Trip to the Gyp: Cocktail Edition

We’d get a first in drinking, even if we don’t in our exams

At the moment it seems near impossible to have an evening out in Cambridge without either booking five months in advance, or condemning yourself to standing on the street outside Spoons for an eternity.  So, a boozy night in could be a fun (and affordable!) alternative.  Besides, what could be more vibey than spending a dreamy summer’s evening lying on the grass sipping cocktails?

So, purely in the name of student journalism and out of our own noble selflessness (and definitely not so that we had an excuse to spend an evening drinking during exam season) we have written you the ultimate guide to making cocktails that taste good, yet don’t need a thousand expensive liqueurs.  We each made one round of drinks, then brutally rated them like an episode of Masterchef, so that you can decide for yourself which you’d like to try.

Before you begin

We decided to splash out on some paper straws and cocktail umbrellas.  Since our college in their infinite wisdom has decided not to give us freezers, we had to buy ice from Farawaysbury’s and rush back to college before it melted.  Torn up mint leaves made us feel extra sophisticated, so we would recommend investing in that.

Sex on the Beach

Add ice, 45 ml vodka, 30 ml peach schnapps and 60 ml orange juice to a glass.  Gently pour in 60 ml cranberry juice down the side of a glass, to get that famous orange and red gradient.

Alexa, play my beach playlist (Image Credit: Claudia Cox)

Taste – 5/5

Appearance 4/5

Texture – 4/5

Easiness – 3/5

Cost per glass – £1.25

This was miles nicer than the pitchers of sugary slush you get in Spoons.  It tasted like actual fruit, and the texture was silky smooth.  Peach schnapps is also delightfully cheap for a liqueur, so we saved lots of money by making this at home.  Although this requires no fancy equipment, it was more difficult than we thought to get that iconic sunset gradient.  That definitely didn’t affect the flavour, though!

Raspberry Dream

Whizz up ice, a handful of raspberries60 ml white rum, 60 ml tonic water and honey in a liquidiser.  Garnish with a handful of mint leaves if you’re feeling bougie.

Fruity cocktails count as one of your 5 A Day, right? (Image Credit: Claudia Cox)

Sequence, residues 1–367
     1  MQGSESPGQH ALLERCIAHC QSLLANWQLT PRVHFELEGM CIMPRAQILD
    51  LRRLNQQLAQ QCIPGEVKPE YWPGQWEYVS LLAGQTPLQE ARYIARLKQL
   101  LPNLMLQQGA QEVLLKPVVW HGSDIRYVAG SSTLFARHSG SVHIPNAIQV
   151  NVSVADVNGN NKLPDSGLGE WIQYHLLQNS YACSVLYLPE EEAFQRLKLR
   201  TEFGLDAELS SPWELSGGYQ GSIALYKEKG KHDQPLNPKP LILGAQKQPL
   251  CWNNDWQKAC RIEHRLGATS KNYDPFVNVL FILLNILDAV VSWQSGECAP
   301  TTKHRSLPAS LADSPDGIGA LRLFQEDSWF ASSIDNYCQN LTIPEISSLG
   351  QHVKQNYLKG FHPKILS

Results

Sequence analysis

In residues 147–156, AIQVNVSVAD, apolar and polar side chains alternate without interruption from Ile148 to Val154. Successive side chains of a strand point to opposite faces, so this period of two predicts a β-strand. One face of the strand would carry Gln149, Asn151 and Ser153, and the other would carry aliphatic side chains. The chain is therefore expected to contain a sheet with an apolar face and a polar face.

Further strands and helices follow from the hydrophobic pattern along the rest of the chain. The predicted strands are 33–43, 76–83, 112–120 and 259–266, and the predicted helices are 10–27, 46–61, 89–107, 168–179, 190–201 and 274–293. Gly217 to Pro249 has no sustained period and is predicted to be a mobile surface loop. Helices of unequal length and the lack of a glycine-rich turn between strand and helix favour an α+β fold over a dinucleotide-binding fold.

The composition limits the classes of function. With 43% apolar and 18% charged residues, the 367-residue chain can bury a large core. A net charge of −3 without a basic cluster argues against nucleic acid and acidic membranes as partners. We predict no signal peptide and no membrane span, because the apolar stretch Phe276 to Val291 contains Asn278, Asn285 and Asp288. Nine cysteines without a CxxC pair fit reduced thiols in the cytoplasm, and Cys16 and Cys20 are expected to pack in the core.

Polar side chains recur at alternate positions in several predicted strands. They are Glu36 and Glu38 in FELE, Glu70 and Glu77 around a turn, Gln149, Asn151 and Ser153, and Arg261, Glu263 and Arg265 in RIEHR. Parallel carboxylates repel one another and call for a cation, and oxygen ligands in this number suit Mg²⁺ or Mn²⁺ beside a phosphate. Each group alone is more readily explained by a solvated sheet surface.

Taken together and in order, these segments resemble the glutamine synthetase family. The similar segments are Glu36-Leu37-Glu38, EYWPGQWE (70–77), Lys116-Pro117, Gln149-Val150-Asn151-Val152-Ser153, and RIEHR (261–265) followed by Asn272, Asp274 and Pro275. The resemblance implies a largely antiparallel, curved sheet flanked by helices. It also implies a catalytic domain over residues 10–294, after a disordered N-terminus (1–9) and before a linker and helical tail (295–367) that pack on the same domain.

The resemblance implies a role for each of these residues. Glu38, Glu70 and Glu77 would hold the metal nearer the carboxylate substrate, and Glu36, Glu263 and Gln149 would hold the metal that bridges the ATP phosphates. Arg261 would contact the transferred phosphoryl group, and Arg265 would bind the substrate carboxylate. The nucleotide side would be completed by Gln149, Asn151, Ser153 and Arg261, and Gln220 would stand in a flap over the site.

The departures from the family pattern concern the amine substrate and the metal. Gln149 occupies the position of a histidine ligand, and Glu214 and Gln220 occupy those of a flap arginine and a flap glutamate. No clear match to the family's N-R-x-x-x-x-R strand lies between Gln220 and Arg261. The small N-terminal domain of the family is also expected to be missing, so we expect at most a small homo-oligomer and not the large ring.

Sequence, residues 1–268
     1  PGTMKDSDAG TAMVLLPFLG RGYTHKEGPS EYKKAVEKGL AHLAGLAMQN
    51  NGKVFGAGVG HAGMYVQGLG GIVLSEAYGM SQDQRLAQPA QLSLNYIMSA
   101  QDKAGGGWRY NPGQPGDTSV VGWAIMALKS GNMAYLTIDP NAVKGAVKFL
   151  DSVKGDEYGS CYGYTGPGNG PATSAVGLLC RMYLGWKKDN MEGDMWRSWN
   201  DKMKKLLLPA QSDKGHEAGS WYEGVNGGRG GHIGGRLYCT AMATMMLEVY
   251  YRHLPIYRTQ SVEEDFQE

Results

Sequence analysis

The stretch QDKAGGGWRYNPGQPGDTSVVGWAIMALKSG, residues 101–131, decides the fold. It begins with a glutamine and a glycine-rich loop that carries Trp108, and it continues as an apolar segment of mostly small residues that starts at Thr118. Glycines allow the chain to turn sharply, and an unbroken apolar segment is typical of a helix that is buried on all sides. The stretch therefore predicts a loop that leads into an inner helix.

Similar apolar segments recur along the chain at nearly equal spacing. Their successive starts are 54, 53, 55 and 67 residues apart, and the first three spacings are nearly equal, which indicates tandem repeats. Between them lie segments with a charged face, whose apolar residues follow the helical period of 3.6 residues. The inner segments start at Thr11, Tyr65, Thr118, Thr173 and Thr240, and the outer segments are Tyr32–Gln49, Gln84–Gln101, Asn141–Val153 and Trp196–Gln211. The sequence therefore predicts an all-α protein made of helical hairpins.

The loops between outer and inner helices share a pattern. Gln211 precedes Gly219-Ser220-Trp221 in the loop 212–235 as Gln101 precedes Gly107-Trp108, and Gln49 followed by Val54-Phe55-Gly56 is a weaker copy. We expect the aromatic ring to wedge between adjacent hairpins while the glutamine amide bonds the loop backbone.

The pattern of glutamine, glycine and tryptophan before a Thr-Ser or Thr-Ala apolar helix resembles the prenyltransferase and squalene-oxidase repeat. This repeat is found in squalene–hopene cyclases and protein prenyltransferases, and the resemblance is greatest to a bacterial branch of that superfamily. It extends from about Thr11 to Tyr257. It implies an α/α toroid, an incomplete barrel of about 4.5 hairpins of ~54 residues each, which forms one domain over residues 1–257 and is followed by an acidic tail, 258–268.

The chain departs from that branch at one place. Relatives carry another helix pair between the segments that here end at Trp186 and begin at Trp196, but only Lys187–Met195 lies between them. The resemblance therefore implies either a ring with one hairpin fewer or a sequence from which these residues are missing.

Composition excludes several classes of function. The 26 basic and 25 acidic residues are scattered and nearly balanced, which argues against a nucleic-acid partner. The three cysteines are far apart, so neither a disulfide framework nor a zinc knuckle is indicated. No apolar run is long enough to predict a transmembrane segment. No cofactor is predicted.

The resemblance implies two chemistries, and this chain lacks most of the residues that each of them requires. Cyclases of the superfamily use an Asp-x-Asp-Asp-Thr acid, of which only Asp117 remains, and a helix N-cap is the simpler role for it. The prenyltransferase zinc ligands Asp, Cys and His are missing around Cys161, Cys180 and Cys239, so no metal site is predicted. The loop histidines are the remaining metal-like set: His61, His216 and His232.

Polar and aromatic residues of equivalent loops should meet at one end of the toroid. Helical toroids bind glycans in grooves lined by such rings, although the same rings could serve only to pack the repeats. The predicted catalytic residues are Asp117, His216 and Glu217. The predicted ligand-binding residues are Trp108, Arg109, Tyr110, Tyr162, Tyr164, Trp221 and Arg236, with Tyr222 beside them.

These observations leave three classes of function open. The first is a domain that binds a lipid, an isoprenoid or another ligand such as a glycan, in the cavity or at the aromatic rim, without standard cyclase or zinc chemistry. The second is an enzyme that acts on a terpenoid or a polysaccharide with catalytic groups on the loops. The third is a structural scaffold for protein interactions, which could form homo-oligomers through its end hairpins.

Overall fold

Taste – 5/5

Appearance – 4/5

Texture – 3/5

Easiness – 3/5

Cost per glass – £2.00

The raspberries tasted perfect – sweet but not sickly, zingy but not sour.  One member of our group was not a fan of the seeds though, so if you like your drinks completely smooth, this might not be the one for you.  The requirement of a liquidiser means that this isn’t accessible to everyone, but if you do have this equipment it’s definitely worth the effort.

The cost is slightly higher than the other cocktails because fresh raspberries are so expensive (student loan coming through though), but if your college has shown more common sense than ours and actually given you a freezer, you could use frozen raspberries instead and this would bring the cost down significantly.

Piña Colada

We made this by blending ice, 60 ml white rum120 ml pineapple juice, and 60 ml coconut cream in a liquidiser to make it extra refreshing.  However, the blender definitely isn’t essential – you could easily keep the ice as cubes, and just pour everything straight into the glass.

Colour co-ordination is everything (Image Credit: Claudia Cox)

Taste – 4/5

Appearance – 4/5

Easiness – 4/5

Texture – 3/5

Cost per glass – £1.60

This is a classic cocktail, and for good reason – the pineapple and coconut combination tastes like you’re on holiday somewhere drastically more interesting than your Cambridge gyp.  The rum did tend to sink to the bottom of the glass after a while though, so it needed stirring every now and then.

Gin and Tonic

Add ice and 60 ml gin to a glass.  Squeeze in lime juice.  Pour in 180 ml tonic water, and more lime juice.  Top with a sliced-up strawberry and torn mint leaves.

Please admire the nail varnish (Image Credit: Claudia Cox)

We initially intended for this to be the sweeter pink gin and tonic.  However, upon our return from the supermarket, we realised that it was in fact the bottle, not the gin, that was pink!  It still tasted fabulously refreshing though, so we’d recommend using either regular or pink gin.

Taste – 3/5

Appearance – 4/5

Easiness – 5/5

Texture – 4/5

Cost per glass – £1.50

Final Thoughts

We had a cracking time making these, and it was well worth the effort.  They tasted as good as the cocktails from a bar, and were a fraction of the price.

We would definitely recommend giving them ago!  If you do try any of our recipes, please send any photos to our Instagram.  We’d love to see all your creations!

Feature image credit: Maya Hodgson

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